Right along road. In 600m, at Ball’s Cross, left (364285, ‘Rowlestone’); in 100m, left over stile (fingerpost/FP). Through scrub, then aim for top right corner of field. Right over stile; left along hedge; left through gate at field end; right along hedge to pass between sheds at Wigga Farm (366282). Cross field and stile; on to gate into road (368279). Left; in ¼ mile, opposite gate on left, turn right through gates (370277) down left side of hedge. In 50m, left (YA) along field to stile (372274, YA) into orchard. Through gate; follow hedge down to road, right to Rowlestone church (374271).

On left bend by church, cross road. Left through gate (YA); down field slope, bearing left to cross Cwm Brook by footbridge (372268). Left along right bank of brook for 600m to cross road (377264). Cross stile (FP); on with hedge on left. Over stile (YA) and footbridge; at next field end, right over stile (380262). Immediately left over stile; on with hedge on left; through gate to farm track. With house down on right (381261), turn left up concrete track to road and turn right (384262) past Rowlstone Park Farm.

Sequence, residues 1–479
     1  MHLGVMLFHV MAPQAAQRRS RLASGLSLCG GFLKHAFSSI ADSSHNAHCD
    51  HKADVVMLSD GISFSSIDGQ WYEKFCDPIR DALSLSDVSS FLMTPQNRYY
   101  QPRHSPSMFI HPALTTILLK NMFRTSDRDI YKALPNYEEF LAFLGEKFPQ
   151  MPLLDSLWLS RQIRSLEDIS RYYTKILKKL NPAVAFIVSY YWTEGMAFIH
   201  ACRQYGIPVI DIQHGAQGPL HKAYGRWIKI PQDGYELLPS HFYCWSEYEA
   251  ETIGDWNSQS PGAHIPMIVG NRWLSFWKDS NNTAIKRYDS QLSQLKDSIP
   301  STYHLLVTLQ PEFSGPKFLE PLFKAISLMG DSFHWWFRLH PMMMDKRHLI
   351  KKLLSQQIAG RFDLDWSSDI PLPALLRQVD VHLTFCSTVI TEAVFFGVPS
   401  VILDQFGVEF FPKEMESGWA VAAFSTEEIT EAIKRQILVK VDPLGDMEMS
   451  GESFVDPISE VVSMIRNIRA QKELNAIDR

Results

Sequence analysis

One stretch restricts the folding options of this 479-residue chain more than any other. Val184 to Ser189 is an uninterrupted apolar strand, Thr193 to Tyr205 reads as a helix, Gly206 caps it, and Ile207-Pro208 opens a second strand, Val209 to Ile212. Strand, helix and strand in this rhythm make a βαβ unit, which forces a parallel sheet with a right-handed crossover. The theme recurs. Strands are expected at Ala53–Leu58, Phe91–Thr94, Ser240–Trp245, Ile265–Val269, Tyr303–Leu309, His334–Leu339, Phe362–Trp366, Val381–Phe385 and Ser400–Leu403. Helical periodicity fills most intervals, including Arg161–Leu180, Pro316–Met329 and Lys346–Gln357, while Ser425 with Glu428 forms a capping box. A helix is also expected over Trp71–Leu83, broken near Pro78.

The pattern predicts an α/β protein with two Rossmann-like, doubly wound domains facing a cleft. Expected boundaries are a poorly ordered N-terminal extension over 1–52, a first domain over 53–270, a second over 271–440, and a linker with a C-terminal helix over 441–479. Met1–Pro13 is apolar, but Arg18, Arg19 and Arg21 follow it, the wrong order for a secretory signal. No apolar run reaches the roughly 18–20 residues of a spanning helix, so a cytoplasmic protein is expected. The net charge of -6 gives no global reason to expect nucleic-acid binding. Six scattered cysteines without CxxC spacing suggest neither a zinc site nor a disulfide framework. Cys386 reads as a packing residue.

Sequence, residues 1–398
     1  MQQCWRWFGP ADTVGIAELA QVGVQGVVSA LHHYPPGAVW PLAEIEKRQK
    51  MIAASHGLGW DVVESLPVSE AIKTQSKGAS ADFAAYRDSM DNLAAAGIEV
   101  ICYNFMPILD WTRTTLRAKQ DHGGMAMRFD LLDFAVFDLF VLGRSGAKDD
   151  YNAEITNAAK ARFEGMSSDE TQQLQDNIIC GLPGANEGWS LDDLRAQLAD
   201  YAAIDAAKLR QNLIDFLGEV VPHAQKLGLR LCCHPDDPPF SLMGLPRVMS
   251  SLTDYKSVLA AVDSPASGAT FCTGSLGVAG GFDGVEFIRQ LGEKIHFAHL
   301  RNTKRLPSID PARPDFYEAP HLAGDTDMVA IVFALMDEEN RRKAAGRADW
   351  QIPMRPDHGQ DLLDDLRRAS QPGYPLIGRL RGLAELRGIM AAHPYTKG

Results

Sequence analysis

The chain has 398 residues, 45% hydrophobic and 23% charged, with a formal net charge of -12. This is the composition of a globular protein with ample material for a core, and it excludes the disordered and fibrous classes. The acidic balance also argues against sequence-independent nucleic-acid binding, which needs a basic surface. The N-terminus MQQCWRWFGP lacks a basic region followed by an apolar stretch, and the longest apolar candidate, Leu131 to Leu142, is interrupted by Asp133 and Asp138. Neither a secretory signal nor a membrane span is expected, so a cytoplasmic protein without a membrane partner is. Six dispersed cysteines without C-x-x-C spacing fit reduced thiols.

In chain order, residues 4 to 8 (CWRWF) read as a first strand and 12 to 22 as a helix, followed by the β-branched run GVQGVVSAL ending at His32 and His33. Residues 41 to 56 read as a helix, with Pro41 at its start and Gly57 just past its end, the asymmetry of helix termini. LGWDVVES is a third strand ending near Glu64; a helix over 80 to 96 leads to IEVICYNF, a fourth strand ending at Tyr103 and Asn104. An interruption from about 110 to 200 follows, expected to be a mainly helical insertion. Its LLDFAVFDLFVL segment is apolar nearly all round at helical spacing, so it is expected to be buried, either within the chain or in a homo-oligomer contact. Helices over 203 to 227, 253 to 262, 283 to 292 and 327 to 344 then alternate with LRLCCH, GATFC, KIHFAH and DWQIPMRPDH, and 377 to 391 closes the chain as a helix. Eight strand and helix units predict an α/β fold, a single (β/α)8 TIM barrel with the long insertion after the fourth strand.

In 400m, on second sharp right bend, keep ahead (386262) on stony lane between hedges. In 300m, just before River Monnow, left through gate (389263, FP). Bear left along river. In 500m bear left up slope to house on ridge (391267). Through gate; right along lane to road (391270); right downhill to Pontrilas. Left along A465; in 150m cross junction with B4347 (‘Ewyas Harold’); in another 40m, left (395276, FP) to cross Dulas Brook. Left along river bank (‘Herefordshire Trail’/HT). At end of 2nd field, half right (390286, HT) to cross stile; follow hedge to stile, then drive to road; left into Ewyas Harold.

Conditions: Many stiles!

Lunch/Accommodation: Temple Bar Inn, Ewyas Harold (01981-240423; thetemplebarinn.co.uk) – very friendly, helpful and comfortable

Info: Hereford TIC (01432-268430)

satmap.com, ramblers.org.uk; visitengland.com

 Posted by at 01:19
Jun 032017
 


First published in: The Times Click here to view a map for this walk in a new window
picture picture picture picture picture picture picture picture picture picture picture
Facebook Link:

When the Ward family from Cheshire bought an estate on Strangford Lough in 1570, Ireland was a rough and dangerous place for English settlers. The fortified tower the newcomers built and named after themselves, Castle Ward, was fit for the times. But the house that their descendant Bernard Ward built two centuries later in his beautifully landscaped park was a luxury home, better suited to easier times.

Bernard and his wife Anne could not agree on an architectural style, so they settled for a pragmatic, his-and-hers solution – the south frontage conforming to Bernard’s severely classical design, the north half that faced onto Strangford Lough in Anne’s exuberant Strawberry Hill-inspired Gothic. Inside, the décor carries on the inharmonious theme: Bernard’s rooms are of plain and perfect proportion, Anne’s a riot of onion-dome plasterwork ceilings and Turkish windows.